Respiratory Syncytial Virus
RSV is a very common virus that leads to cold-like symptoms in healthy adults and older children, but for infants, younger children and adults with compromised immune systems, RSV can lead to respiratory infections such as pneumonia and brocholitis.
RSV is a highly contagious virus that inflicts nearly all children by the time they reach two years of age, and is rapidly spread by coughing children. The virus remains contagious for weeks after contraction, and for several hours on surfaces.
For people with compromised immune systems, RSV can cause very severe to fatal complications of the respiratory system. RSV can cause pneumonia to develop and reduce oxygen levels to the organs including the heart and brain. There appears to also be an association between RSV inflicting post-bone marrow transplant patients and their later development of another disease called BOS, Broncholitis Obliterans Syndrome.
Three years ago, RSV was often a life-threatening viral infection for people with compromised immune systems. Today, it is often successfully treated with drugs.
treatment - immune compromised systems
Treatment for BMT patients with compromised immune systems includes a sterile closed air environment of negative pressure, medication administered through a nebulizer and a breathing machine to ease breathing. The nebulizer medication is administered every 8 hours around the clock (or more frequently, as in Victoria's case, at the onset so as to fight the virus), and is very toxic to a person who does not have RSV. During nebulizer administration of the drug, the patient's room is locked down to prevent others from entering (Doctors and nurses do not even enter the room during treatment).
Antibiotics do not treat RSV, which is a virus, but may be used to treat the subsequent infections in the lung, respiratory system or ears, for example as the virus moves into those areas of the body.
how is RSV passed?
RSV is spread through the air, on surfaces and objects, and via direct contact with a person who is infected. The RSV virus lives for many hours on surfaces (likely over 5 hours), for several hours on tissues (likely three hours), and for hours in the air.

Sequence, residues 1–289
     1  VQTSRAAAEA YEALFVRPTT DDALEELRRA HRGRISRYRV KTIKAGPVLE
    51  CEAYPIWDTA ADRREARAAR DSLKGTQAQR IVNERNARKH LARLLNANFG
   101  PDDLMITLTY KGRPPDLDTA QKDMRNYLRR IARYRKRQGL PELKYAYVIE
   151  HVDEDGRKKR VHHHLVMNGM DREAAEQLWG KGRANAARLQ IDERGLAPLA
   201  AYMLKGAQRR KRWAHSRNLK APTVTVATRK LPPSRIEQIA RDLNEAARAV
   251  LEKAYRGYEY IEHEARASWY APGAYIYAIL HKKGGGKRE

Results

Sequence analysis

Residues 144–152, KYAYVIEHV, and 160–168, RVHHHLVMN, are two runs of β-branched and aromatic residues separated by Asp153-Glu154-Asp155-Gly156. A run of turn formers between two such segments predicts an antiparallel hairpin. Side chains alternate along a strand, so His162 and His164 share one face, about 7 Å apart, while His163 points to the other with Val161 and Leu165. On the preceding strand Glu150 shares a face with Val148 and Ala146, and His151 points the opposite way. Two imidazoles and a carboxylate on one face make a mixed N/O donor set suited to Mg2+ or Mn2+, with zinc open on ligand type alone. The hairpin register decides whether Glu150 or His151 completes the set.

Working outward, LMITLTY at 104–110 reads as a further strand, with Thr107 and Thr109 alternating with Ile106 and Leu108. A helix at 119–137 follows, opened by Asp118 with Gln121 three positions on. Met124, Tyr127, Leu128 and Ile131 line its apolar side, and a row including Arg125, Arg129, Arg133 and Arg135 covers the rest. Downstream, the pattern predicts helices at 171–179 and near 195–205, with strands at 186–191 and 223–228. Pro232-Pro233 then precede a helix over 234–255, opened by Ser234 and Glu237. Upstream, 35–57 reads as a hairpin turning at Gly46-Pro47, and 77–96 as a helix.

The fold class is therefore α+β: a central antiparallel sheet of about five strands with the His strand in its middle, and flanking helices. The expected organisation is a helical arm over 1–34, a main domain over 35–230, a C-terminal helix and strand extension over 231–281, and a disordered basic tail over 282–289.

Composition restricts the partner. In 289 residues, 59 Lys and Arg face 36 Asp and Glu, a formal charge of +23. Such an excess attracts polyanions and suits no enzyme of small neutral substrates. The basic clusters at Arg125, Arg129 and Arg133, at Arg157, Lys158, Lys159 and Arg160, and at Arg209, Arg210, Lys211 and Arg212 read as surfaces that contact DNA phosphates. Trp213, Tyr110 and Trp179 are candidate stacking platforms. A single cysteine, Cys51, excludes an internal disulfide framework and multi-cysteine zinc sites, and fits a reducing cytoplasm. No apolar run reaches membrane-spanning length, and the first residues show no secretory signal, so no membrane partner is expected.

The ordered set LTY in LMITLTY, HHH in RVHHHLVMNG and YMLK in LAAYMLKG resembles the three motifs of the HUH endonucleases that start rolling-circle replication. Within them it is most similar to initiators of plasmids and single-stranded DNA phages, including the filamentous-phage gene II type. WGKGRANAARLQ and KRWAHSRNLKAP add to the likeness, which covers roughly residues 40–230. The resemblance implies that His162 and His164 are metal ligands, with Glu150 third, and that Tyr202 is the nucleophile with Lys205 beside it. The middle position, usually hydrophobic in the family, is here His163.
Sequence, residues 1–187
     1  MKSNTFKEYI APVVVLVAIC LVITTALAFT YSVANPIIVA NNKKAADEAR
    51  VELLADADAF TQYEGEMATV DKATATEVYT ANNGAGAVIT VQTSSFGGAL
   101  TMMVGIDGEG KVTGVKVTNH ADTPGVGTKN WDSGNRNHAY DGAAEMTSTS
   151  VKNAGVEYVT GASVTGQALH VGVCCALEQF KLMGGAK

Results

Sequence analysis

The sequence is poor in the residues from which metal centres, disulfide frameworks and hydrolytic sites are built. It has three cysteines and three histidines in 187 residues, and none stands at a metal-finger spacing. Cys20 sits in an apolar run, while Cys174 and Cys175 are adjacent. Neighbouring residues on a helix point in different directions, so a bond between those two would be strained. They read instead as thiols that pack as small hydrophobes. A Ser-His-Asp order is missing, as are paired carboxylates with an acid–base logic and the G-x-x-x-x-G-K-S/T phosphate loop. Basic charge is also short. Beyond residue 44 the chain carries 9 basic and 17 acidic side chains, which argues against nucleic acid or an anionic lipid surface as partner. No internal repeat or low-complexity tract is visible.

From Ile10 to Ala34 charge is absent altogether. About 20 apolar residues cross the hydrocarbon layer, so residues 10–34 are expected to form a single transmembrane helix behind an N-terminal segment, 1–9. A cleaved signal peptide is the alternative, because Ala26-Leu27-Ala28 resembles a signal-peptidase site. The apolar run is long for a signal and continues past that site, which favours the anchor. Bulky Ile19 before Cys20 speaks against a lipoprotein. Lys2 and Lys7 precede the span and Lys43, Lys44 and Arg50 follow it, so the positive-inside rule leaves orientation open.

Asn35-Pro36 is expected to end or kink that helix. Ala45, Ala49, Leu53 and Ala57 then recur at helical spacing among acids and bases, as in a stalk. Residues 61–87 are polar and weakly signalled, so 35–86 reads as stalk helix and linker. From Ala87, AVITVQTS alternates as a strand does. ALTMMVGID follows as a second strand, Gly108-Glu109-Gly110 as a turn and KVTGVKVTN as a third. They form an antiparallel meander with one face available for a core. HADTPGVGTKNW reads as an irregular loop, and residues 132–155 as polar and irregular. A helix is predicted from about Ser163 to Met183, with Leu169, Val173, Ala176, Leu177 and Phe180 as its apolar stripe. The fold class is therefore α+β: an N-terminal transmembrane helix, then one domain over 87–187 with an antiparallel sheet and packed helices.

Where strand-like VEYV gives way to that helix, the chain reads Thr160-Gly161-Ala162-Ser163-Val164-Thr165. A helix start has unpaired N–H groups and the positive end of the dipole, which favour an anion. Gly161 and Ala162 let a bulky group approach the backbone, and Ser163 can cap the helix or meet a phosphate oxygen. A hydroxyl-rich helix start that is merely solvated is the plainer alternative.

risks of acquiring RSV
Risks of acquiring RSV drastically increase when a BMT patient is:
- near or around coughing children,
- at a day care center,
- in attendance at any place where numerous children are present,
- at a school,
- living in crowded conditions, or
- being exposed to tobacco smoke.
BMT patients should take every precaution to avoid exposure to the RSV virus. Some precautions are:
- avoid going into high risk areas, such as crowded environments, schools, day care centers, homes or buildings where children exist;
- if you cannot avoid a high risk area, where a mask and gloves every time you will be exposed to the area;
- wash hand habitually (more than frequently);
- teach your children to wash their hands frequently, and always every time before they touch you, when they arrive home from being anywhere else, and whenever they have had contact with another child regardless of whether that child has RSV;
- stay out of areas where smokers are smoking in enclosed environments;
- don't smoke - it increases your risk to acquire RSV;
- don't allow your children to be around smoke - it increases their risk of acquiring RSV.
The RSV season runs from fall to spring. Outbreaks may be reported in the local news, but that does not mean that RSV is not prevalent if the news isn't reporting an outbreak.
Medication Treatment of RSV
Some of the medications used to treat RSV include:
prevention is the name of the game
If a BMT patient contracts RSV, he or she will be hospitalized for a minimum of 7 days to be treated for the virus. Prevention strategies are critical. Do all you can to prevent from acquiring RSV.
RSV can be fatal; you don't want to take any chances.